Nine Days to Christmas is the story of Ceci, a little girl anticipating the posadas, the nine-day Mexican celebration that leads up to Christmas day and during which the journey of Mary and Joseph to Bethlehem is reenacted. Ceci and her family will host the celebration on the first night of the posadas, and young Ceci takes on the responsibility of selecting the piñata she and her friends will break that evening.
the children’s librarian at
Benjamin Franklin Library in Mexico City. Labastida lamented the
of Mexicans in children’s books where they were often depicted as
wearing ponchos and following burros,” especially considering so many
people lived in cities (Massee, “Ets Wins Caldecott” 1279). In her
acceptance speech, Ets spoke of her conversations with Labastida and
explanation for such stereotyping: “We like to point out the
picturesque and exotic,
to emphasize the differences in costume and customs of children
at the same time to show that they are all very much alike in their
their sorrows, in love of their families, their friends, their pets, in
goodness and their naughtiness. And it may be that we choose the poor
our sympathy is with them and we can more easily gain the sympathy of
readers” (Kingman 209). Ets urged Labastida to write a story that more
accurately reflected Mexican people in an urban setting. Labastida did
so, and her magical ending in which the star
becomes a real star was used in the final version of the book (Ets, Kerlan
Ets filled in the details and created the illustrations. Her editor at
May Massee, came up with the title for the book (Ets, Kerlan 9).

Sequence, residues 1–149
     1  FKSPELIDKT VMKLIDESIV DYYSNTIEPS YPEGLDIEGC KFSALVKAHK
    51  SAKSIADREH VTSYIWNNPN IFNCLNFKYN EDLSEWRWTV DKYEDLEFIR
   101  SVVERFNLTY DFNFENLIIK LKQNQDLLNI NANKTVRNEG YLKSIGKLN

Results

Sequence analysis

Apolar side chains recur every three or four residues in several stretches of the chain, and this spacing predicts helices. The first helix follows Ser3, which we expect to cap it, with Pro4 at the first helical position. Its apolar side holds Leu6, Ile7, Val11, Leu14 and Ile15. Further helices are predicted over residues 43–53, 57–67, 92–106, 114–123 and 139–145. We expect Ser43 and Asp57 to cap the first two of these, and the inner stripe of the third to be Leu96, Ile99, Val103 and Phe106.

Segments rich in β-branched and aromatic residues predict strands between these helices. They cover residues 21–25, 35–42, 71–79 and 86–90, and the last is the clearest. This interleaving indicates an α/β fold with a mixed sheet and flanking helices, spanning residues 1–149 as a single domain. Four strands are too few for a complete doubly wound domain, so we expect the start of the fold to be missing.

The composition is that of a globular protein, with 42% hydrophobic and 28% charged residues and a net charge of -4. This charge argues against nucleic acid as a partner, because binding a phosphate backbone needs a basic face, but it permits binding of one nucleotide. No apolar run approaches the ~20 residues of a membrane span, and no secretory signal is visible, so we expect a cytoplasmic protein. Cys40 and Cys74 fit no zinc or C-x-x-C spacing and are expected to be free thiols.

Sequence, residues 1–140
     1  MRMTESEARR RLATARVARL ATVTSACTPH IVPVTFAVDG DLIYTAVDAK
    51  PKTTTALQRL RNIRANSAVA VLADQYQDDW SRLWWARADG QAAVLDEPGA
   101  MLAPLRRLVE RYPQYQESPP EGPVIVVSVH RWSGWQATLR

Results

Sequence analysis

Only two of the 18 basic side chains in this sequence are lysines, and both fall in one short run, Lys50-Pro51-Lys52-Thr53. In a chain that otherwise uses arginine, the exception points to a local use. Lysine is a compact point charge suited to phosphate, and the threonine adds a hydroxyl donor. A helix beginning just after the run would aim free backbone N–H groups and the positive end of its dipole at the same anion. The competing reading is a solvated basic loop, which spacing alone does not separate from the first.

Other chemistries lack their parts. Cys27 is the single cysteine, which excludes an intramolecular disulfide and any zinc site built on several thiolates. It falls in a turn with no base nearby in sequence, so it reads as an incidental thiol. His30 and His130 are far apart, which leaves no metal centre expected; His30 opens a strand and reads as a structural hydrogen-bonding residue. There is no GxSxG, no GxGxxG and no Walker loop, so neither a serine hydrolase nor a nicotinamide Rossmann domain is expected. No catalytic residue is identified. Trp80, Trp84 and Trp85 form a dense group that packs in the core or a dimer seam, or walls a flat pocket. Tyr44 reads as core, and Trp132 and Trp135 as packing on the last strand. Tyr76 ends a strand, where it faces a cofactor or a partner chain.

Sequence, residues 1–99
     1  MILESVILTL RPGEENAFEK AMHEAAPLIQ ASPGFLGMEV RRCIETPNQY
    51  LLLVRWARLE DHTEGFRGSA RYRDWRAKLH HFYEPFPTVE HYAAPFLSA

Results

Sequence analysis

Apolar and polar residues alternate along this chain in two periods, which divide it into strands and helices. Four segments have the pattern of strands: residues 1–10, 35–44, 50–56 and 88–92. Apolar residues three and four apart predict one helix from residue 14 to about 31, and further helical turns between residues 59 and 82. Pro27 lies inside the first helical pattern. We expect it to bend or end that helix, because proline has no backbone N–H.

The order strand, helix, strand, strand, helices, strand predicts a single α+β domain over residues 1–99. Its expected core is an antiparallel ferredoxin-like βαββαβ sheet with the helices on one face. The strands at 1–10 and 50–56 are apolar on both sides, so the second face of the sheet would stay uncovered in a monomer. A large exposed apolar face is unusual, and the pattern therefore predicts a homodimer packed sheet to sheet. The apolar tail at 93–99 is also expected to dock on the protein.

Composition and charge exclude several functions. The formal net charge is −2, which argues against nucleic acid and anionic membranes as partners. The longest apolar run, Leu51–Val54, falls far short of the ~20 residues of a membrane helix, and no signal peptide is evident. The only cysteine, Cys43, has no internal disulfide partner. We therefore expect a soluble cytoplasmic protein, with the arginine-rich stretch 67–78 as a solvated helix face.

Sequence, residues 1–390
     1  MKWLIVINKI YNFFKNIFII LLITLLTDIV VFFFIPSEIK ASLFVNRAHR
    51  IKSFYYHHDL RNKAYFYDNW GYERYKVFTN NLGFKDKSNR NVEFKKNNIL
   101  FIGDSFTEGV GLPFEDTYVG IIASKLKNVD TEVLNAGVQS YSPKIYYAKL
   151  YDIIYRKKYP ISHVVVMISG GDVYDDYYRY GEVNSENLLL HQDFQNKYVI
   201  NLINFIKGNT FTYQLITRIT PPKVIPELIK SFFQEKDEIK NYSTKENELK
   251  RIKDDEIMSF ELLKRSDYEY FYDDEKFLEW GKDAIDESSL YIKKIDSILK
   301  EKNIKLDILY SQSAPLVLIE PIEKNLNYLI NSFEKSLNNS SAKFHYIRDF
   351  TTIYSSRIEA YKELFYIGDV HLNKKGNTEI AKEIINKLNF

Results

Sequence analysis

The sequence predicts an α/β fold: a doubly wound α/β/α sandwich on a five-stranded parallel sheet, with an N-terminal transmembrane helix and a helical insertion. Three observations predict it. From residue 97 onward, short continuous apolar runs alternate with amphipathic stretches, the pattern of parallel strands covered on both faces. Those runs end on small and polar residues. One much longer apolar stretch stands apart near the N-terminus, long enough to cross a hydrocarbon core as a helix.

With Nine Days to Christmas, Marie Hall Ets set to work on a book that placed a Mexican child in an urban setting, a setting that would not only be more familiar to an American child but that would show the similarities in the lives of children from different countries and cultures. In her Caldecott acceptance speech, Ets noted as an example of similarities in lifestyles an illustration of the piñata factory that she drew with a view from the middle of the street in order to include the antennae on the roofs of buildings so that children in the U.S. could see that Mexicans also had televisions (Kingman 211). Ets spent two winters in Mexico City where, with the help of Aurora Labastida, she explored the area, met locals and familiarized herself with the way children in the city lived (Massee, “Ets Wins Caldecott” 1279). Ets was concerned with making her illustrations as true to life as possible so that people would be able to recognize themselves in the drawings. She spent a great amount of time sketching in Chapultepec Park and in the public markets of Mexico City, often surrounded by crowds who gathered to watch and ask questions (Ets, “Caldecott Acceptance” 210). The characters included throughout the book were actual people she sketched while in Mexico (Ets, “Caldecott Acceptance” 210). Ets would continue to use real models in subsequent books including Gilberto and the Wind and Bad Boy, Good Boy, both which were based on a young boy she encountered while walking through an alley in La Jolla, California (Hopkins 62). To create her protagonist, Ceci, Ets used a real five-year-old, the niece of Aurora Labastida, as a model (Lembke 46). Interestingly, Ets considered the real Ceci to be “too large and too blonde” to use as a model for her illustrations and so created the appearance of the child as she imagined her (Ets, “Caldecott Acceptance” 210).